CATHOLIC NEWS OF THE WEEK . Saturday, 16 December 2017

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Missing the wood for the trees

There are many ways of gleaning knowledge and academic sources are certainly not the only ones. In fact academe often only gives us part of the picture to promote its own interests.

While that does not mean that we should not pay any attention to the learning of academics, it does mean that sometimes we need to take what they say with a grain of salt.

In fact, we should always listen with attention, but not in a manner that allows our conscience to be silenced.

What reminded me of all this was a story I read in a satirical Italian news agency called Lercio (dirty).

It puts out fake news and recently ran a story about the mayor of a town who had a paint shop closed down in order to protect the sensitivity of people who are colour blind!

However, there is a lot more to the story than a bit of nonsense.

It is having a dig at political correctness which in many ways pays respect to almost everything except the truth, leaving us cherishing the unfortunate at the risk of labelling everyone unfortunate by using words to hide realities.

Life is often unjust, but we also need to accept reality and by being politically correct we can miss the wood for the trees.

I heard a story about a Mexican guy called Juan.

He rode a bicycle up to the customs post at the border with two largish bags slung over his shoulder.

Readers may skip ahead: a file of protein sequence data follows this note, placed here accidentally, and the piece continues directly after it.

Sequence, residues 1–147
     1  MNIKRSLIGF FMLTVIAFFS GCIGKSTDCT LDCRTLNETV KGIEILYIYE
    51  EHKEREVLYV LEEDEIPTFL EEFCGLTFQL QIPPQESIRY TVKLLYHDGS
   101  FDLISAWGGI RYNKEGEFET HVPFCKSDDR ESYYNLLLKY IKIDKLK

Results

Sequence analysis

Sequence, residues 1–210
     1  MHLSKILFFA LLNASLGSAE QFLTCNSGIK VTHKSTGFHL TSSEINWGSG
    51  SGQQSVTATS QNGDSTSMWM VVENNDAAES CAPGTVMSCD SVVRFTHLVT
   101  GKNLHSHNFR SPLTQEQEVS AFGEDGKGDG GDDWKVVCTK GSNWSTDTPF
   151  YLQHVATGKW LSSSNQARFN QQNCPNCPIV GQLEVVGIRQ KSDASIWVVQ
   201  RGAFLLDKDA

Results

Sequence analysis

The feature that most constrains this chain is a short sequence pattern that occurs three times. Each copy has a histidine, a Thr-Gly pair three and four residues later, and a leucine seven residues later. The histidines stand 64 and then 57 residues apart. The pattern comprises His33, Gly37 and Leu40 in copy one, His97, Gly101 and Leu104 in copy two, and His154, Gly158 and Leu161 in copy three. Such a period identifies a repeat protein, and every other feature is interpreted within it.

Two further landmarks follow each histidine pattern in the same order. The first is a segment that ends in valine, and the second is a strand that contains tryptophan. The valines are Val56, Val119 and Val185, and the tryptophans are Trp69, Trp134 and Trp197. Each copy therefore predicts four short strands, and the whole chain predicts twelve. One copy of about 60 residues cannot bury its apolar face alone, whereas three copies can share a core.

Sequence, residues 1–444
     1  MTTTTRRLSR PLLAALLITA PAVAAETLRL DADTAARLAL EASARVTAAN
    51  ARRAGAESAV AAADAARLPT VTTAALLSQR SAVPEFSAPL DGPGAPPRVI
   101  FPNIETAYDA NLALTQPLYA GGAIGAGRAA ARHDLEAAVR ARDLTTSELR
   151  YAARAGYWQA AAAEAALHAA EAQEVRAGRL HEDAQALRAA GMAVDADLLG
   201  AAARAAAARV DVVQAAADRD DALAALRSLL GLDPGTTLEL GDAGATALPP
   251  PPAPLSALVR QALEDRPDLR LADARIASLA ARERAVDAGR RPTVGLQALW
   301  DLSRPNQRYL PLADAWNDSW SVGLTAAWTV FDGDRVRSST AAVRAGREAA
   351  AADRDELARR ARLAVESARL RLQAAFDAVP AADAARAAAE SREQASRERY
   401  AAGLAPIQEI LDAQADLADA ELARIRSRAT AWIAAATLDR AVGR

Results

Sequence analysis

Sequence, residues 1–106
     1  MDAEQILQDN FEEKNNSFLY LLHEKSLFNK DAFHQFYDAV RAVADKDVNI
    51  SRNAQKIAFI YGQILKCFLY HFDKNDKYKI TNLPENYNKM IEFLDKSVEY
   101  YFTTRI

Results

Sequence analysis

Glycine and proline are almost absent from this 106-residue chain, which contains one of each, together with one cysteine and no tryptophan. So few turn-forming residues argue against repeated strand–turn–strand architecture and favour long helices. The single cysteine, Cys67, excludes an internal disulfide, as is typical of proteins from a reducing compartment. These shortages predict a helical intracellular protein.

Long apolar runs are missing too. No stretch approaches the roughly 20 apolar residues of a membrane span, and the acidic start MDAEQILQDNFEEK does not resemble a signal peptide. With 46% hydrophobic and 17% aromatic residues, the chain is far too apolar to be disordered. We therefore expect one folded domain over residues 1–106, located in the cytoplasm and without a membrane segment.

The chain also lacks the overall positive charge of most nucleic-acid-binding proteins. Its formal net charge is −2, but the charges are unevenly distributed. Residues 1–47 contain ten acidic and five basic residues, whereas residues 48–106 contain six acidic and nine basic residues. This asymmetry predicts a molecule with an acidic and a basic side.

“What’s in the bags?” the customs official asked. “Sand,” replied Juan.

Not to be fooled, the official ordered him to hand them over so he could inspect them.

He emptied them out, but still not convinced ran tests keeping Juan in the lock up overnight.

Finding nothing, he apologised to Juan, repacked the sand for him, placed it on his shoulders and waved him on his way.

Over the coming months this scene was repeated several times a week, until one day the customs official happened to walk into a coffee shop only to see Juan sitting there enjoying a bread roll and a long black.

Gingerly he approached him and asked if he could sit down. Juan graciously gestured to him and ordered coffee for his long-time acquaintance.

Eventually the customs official plucked up the courage to ask, “What are you smuggling? I am going mad trying to figure it out. Can’t sleep at night or concentrate on anything else.”

With a wry smile Juan put his cup down and replied, “Bicycles!”

 Aurelio Porfiri